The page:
Are Pirate (illegal) Rafting Trips a Big Deal?

Are Pirate (illegal) Rafting Trips a Big Deal?

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  • Post last modified:February 13, 2021

When friends hear that you’ve taken a guide school they typically want to get a “deal” on a rafting trip. Many will say something like, “I can get a group of friends together and we’ll pay you under the table to take us rafting.” At first glance that seems like a great idea. If six people all throw in $30 to $40 that ends up being a couple hundred dollars tax free. However, this is considered illegal outfitting, also known as a “pirate trip” or an illegal rafting trip. After looking at the risks of running this type of rafting trip, I believe most people will consider it not worth the short-term gain in income.

Requirements to Legally run a Commercial Rafting Trips

To legally take people on a rafting trip, the guide needs to have a commercial permit or be working for an outfitting business that has a permit with the appropriate government agency to run the section of river they are floating. The most common is a permit with the BLM or Forest Service. If a company were to run a commercial trip on a day they were not legally entitled to launch it would be considered non-compliance with their permit rather than a pirate trip.

shows what a commercial raft with passengers and  guide looks like
Commercial paddlers with a guide

Legal Private Trips

On legal private trip, everyone pitches in equally for the cost of the trip. Trips must also have the proper private trip permit for the river.

shows what a group of private rafter on the grand canyon look like
Classic Private Trip

Pirate (Illegal) Trips

Any trip that is not a commercial or a legal private trip is a pirate trip. This includes someone taking a tip from their friends after taking them on the river. Amortizing (renting) your boat while taking friends on the river. Having some other agreed upon compensation for taking people down the river. Any time that the costs are not shared equally, it is considered a pirate trip.

If a guide were to borrow a raft from the commercial company they work for and have some friends give them a little cash to go rafting this would also be considered an illegal trip.

Legal Ramifications of an Illegal Rafting Trip

Depending upon where you get caught running an illegal trip, the criminal charges vary between a class A (just below a felony) and class B misdemeanor. Either means a permanent record that could affect future employment. Punishment for a first offense is a fine between $1,000 and $10,000. In addition 6-12 months in jail is possible. There can be a mandatory appearance in front of a federal judge which means lawyer costs. In Idaho, one is also culpable for all investigative fees by the enforcing agency including mileage and work time. This can be another $10,000 to $20,000 in fees.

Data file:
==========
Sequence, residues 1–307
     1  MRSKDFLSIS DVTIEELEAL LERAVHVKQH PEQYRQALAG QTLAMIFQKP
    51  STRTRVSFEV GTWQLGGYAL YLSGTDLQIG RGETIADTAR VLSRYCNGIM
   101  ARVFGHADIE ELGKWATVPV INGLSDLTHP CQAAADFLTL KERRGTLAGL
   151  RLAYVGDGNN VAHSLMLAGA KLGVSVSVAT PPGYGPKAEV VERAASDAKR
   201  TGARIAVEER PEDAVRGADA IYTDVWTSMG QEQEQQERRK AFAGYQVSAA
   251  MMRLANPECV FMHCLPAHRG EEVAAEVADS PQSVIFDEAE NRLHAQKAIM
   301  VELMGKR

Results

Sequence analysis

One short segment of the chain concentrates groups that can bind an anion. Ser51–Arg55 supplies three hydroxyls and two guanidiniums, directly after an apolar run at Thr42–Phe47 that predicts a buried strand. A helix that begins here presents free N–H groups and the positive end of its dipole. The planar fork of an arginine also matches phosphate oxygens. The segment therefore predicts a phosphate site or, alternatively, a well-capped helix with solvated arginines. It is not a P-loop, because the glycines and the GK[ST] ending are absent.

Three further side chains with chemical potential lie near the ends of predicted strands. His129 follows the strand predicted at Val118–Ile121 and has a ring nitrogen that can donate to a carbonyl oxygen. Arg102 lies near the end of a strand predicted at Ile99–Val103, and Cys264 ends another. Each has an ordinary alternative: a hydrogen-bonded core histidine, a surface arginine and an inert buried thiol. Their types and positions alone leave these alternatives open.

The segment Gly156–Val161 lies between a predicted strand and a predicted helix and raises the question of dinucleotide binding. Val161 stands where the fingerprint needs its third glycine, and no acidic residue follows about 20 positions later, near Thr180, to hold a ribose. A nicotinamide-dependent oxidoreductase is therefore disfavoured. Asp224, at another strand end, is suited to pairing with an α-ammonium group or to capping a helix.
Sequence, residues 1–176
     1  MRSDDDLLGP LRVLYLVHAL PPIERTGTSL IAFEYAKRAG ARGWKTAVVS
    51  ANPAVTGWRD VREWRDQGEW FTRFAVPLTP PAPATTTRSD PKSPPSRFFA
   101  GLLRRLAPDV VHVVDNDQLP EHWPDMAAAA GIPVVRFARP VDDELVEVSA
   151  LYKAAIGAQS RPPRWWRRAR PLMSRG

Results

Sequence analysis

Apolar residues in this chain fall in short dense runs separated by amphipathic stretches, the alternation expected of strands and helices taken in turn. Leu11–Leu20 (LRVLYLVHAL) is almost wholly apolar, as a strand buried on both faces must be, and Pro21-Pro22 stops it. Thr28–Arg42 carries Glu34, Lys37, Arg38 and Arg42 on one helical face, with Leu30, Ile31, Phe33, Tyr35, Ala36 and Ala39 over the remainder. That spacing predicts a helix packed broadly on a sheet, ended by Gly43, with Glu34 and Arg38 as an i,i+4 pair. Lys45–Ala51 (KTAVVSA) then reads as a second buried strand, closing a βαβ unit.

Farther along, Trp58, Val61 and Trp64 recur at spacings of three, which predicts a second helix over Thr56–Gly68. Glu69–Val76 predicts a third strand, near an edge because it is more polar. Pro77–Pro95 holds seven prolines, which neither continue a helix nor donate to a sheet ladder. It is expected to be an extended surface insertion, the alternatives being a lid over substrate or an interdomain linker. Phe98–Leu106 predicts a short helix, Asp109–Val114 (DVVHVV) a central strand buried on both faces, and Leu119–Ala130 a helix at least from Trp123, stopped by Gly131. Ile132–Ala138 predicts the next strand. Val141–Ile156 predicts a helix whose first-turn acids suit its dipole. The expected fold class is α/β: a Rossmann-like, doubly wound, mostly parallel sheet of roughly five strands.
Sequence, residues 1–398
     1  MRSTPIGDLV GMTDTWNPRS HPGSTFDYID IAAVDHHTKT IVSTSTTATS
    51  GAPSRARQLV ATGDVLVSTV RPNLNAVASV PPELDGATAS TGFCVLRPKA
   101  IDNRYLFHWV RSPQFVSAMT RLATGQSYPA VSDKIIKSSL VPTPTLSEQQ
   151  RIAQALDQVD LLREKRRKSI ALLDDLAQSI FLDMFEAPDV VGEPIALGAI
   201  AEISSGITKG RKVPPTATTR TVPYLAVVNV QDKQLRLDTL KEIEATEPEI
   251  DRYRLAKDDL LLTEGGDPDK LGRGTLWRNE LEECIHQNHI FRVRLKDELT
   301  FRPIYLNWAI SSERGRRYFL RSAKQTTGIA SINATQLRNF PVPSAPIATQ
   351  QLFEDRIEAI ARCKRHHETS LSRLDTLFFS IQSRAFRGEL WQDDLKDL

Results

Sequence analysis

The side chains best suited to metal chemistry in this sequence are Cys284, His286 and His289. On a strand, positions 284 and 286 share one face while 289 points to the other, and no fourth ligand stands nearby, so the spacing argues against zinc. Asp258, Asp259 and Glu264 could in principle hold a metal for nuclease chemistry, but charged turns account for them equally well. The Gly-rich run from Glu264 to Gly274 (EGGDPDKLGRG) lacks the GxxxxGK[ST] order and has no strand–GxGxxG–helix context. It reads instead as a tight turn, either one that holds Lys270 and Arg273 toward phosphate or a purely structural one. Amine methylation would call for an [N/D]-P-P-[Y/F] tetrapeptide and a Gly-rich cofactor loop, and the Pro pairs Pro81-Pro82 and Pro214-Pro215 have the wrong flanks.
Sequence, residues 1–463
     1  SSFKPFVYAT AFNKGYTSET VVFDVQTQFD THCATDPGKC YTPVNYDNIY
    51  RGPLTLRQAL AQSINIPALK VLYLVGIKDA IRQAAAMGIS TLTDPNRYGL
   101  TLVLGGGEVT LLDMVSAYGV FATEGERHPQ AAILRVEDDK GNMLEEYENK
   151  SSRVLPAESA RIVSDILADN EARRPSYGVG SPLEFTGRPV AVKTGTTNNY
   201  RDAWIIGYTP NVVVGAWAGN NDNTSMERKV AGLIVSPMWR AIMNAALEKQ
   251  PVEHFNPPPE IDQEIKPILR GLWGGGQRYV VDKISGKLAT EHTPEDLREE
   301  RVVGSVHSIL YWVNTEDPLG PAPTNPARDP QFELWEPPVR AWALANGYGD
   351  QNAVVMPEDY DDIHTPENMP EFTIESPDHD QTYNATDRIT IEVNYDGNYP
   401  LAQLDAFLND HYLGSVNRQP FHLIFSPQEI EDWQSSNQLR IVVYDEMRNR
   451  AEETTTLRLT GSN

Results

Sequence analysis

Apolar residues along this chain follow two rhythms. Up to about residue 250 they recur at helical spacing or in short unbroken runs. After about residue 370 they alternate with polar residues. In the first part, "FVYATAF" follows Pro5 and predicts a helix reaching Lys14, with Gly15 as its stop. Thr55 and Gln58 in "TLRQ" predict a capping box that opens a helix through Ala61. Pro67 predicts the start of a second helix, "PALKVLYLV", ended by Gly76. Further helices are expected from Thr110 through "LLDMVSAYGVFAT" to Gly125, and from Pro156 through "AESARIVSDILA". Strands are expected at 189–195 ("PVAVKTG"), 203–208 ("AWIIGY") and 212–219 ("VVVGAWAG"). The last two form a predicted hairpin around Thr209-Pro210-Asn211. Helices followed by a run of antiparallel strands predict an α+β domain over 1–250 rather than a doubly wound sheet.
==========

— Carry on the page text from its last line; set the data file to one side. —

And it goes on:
Your gear for running the trip can be confiscated and held for around a year until after the trial. If California prosecuted you for illegal outfitting and you also guide in Idaho, most likely Idaho will also punish you. The Idaho Licensing Board expects you to report your violation to them. The administrative board will fine you up to another $5,000 and consider limiting, suspending or revoking your guide license.

Can it get worse?

The Really Ugly

While all of the legal ramifications sound bad enough, things could be worse. If someone gets injured on an illegal trip or on even an outfitted trip on a day the company is not permitted to run the river, insurance may not cover the costs. Many umbrella and other insurance policies designed to protect individuals and outfitters exclude coverage for an incident that occurs for an unpermitted activity. If you are guiding an illegal trip for an outfitter or friend and get hurt you will not be covered by workers compensation.

Concluding Thoughts

While it sounds nice to hook up some friends with a cheap river trip, that feeling changes when something goes wrong. If there is an injury the situation can get messy quickly. Government officials could get involved. Your raft and gear could be confiscated. You could get prosecuted and have to go to court. At the same time the “friend” could sue you in civil court where no insurance company would have your back since you were engaged in criminal activity. Finally, there is your relationship with the rafting community. Many commercial outfitters frown on pirate boating. If you are seen running these types of trips it will be challenging to get traditional guiding work.

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